FIG. 6 illustrates a scrolled process flow sheet 600 showing a part of the process flow sheet 500 scrolled to show only the vertical segment 522, according to an embodiment of the invention. Thus, vertical segment 522 is comprised in an in-view portion (i.e., a first portion) of the dataset comprising the flow sheet 500 and/or the data contained within. A second portion of the dataset is out of view and represented by a left summary strip 620 and a right summary strip 630. Left summary strip 620 comprises left indicators 621-624, and right summary strip 630 comprises right indicators 631-638. The left indicators 621-624 indicate events that occur in the out of view vertical segment 521 visualized in FIG. 5. The right indicators 631-638 indicate events that occur in the out of view vertical segment 523 shown in FIG. 5. Note that there is a coded correspondence between the indicators 621-624 and 631-638 and the events types corresponding to rectangles 531-533. For example, right indicator 637 is shaded black to indicate or represent an event type corresponding to black shaded rectangle 533 that is in an address space represented by vertical segment 523 of FIG. 5 and occurs, in time, the fourth time slot up from the bottom. Thus, the summary strips 620 and 630 show the user the context in which this in-view visualization belongs, even while the in-view is zoomed in to focus on a single address space.
  • [0058]
    FIG. 7 illustrates a statistical scatterplot 700, according to an embodiment of the invention. Exemplary labels for the axis of scatterplot 700 may be plant height on the horizontal X axis and plant weight on the vertical Y axis. In this example, the lighter shaded (i.e., gray) data points 723 and 724 represent legume plants and darker shaded (i.e., solid black) data points 721 and 722 represent root vegetable plants. The difference in size of data points within a plant family (i.e., legume or root vegetable plants) indicates different types of plant within their respective families. For example, the smaller gray data points 724 represent bean plants and the larger gray data points 723 represent pea plants. A dataset comprises the scatterplot 700 and/or the data contained within or represented by the scatterplot 700. The dataset can be segmented into a first portion and a second portion. By way of example only, the first portion of the dataset comprises only that portion of the dataset shown within the dotted box 730, and the second portion of the dataset comprises only that portion of the dataset shown outside of the dotted box 730.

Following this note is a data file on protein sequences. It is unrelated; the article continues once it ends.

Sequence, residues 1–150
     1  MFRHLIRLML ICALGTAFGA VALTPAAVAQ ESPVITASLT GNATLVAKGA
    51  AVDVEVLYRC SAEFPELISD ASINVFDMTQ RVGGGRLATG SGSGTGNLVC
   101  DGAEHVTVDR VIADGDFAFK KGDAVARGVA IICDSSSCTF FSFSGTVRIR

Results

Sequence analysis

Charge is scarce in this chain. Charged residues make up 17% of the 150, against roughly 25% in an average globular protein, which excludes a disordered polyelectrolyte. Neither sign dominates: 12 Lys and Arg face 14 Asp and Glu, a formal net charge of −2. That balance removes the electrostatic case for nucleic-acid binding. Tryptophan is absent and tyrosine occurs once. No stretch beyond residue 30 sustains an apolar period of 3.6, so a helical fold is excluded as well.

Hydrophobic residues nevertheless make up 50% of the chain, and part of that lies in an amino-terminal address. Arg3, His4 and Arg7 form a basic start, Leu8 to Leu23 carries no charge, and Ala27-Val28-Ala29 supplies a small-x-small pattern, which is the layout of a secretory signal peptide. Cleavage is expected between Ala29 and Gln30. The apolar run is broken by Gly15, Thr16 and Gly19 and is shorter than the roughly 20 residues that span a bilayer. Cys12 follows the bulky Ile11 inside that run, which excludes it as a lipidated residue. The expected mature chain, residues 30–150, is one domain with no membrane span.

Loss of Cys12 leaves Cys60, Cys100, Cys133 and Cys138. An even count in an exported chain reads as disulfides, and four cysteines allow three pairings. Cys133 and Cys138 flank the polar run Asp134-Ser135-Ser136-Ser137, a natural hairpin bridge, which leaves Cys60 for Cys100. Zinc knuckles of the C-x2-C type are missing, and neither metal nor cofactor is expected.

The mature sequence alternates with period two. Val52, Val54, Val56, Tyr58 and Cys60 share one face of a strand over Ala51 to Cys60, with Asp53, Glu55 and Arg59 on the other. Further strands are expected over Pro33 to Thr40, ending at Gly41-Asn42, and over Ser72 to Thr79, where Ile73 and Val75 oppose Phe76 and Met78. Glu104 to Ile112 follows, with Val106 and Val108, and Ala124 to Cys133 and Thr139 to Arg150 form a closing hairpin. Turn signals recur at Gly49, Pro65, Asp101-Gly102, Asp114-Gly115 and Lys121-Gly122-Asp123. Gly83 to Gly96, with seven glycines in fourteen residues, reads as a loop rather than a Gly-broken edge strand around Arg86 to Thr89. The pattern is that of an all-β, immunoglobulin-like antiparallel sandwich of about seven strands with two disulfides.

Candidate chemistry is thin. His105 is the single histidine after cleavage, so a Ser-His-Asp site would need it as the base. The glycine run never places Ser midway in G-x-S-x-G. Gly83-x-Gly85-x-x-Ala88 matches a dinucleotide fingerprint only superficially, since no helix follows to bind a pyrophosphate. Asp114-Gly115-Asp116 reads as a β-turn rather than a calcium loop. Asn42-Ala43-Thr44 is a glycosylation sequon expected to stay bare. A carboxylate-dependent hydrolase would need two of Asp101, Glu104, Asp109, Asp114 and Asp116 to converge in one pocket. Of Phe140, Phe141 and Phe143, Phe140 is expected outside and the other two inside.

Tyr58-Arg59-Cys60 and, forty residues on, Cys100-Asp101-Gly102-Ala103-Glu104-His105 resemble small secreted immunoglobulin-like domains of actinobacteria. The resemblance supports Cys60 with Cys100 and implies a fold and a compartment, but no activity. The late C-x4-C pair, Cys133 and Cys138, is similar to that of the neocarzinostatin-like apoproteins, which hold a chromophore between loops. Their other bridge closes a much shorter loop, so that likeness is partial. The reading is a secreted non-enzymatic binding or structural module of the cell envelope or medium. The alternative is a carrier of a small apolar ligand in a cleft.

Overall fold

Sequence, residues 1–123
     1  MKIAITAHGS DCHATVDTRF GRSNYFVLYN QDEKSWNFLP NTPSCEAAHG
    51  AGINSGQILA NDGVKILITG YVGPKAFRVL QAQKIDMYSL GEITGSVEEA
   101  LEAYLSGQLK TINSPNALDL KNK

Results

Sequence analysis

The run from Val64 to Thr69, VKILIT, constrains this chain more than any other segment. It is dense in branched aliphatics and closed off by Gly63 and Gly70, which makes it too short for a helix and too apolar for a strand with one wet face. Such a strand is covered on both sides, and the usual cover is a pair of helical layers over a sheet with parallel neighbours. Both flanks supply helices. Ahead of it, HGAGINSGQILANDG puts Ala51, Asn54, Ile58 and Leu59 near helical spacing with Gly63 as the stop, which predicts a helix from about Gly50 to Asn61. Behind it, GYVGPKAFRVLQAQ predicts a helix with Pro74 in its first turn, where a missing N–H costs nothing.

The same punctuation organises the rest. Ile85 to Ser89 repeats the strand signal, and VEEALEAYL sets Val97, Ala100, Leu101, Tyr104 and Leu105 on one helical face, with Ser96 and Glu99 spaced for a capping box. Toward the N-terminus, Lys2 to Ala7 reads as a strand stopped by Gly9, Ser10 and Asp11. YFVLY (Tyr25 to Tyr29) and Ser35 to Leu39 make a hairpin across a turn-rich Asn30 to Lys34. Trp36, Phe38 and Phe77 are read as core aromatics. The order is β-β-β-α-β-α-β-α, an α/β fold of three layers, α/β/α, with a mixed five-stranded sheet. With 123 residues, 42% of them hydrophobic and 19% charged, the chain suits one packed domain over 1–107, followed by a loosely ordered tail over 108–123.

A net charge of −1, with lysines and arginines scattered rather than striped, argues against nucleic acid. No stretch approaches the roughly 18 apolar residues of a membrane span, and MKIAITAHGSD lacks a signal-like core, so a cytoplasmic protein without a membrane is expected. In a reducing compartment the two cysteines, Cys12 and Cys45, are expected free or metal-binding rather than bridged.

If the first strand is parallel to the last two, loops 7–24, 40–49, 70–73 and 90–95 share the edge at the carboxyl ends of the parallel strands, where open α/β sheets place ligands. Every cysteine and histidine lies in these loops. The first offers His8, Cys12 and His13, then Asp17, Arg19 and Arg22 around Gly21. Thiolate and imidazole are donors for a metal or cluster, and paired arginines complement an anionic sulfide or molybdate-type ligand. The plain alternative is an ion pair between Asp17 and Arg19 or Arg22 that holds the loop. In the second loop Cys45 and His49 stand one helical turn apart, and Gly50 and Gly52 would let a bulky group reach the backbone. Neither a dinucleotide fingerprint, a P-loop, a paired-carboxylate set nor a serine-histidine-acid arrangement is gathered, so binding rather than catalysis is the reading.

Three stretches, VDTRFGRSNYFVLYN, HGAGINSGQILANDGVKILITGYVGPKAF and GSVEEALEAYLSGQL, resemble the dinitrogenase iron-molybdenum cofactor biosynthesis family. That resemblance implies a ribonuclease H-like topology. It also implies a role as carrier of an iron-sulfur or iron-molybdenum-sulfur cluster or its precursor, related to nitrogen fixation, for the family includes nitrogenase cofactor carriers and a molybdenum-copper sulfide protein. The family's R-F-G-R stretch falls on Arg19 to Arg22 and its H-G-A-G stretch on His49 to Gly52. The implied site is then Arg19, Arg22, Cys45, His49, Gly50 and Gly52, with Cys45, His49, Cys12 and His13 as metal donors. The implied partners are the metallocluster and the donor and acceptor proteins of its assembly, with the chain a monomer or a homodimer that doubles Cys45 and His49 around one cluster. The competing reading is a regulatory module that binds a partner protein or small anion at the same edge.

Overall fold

• [0059]
    FIG. 8 illustrates a magnified part of scatterplot 700, showing a part of the scatterplot 700 magnified to show, in an in-view visualization 860 (e.g., in-view window), a portion (i.e., the first portion) of the dataset of scatterplot 700, according to an embodiment of the invention. Thus, the first portion of the dataset is an in-view portion of the dataset of scatterplot 700. The second portion of the dataset is out of view and represented by a left summary strips 811-814, right summary strips 821-824, and bottom summary strips 831-834. Consider the right summary strips 821-824. The left summary strips 811-814 and bottom summary strips 831-834 are similar to the right summary strips 821-824, although the left summary strips 811-814 and bottom summary strips 831-834 represent different out of view data. The right summary strips 821-824 represent data that is out of view to the right, that is, the cluster of data points 740 of FIG. 7. Right summary strip 821 represents the smaller black data points in the cluster of data points 740. Right summary strip 822 represents the smaller gray data points in the cluster of data points 740. Right summary strip 823 represents the larger black data points in the cluster of data points 740. Right summary strip 824 represents the larger gray data points in the cluster of data points 740. Legend 840 indicates the assignment of the various types of data points to particular summary strips. Indicator 851, visualized or shown within the right summary strip 821, represents the smaller black data points within the cluster of data points 740. Indicator 852, visualized or shown within the right summary strip 822, represents the smaller gray data points within the cluster of data points 740. Indicator 853, visualized or shown within the right summary strip 823, represents the larger black data points within the cluster of data points 740. Indicator 854, visualized or shown within the right summary strip 824, represents the larger gray data points within the cluster of data points 740. In a similar fashion the left summary strips 811-814 represent data points that are out of view to the left, and the bottom summary strips 831-834 represent data points that are out of view to the bottom.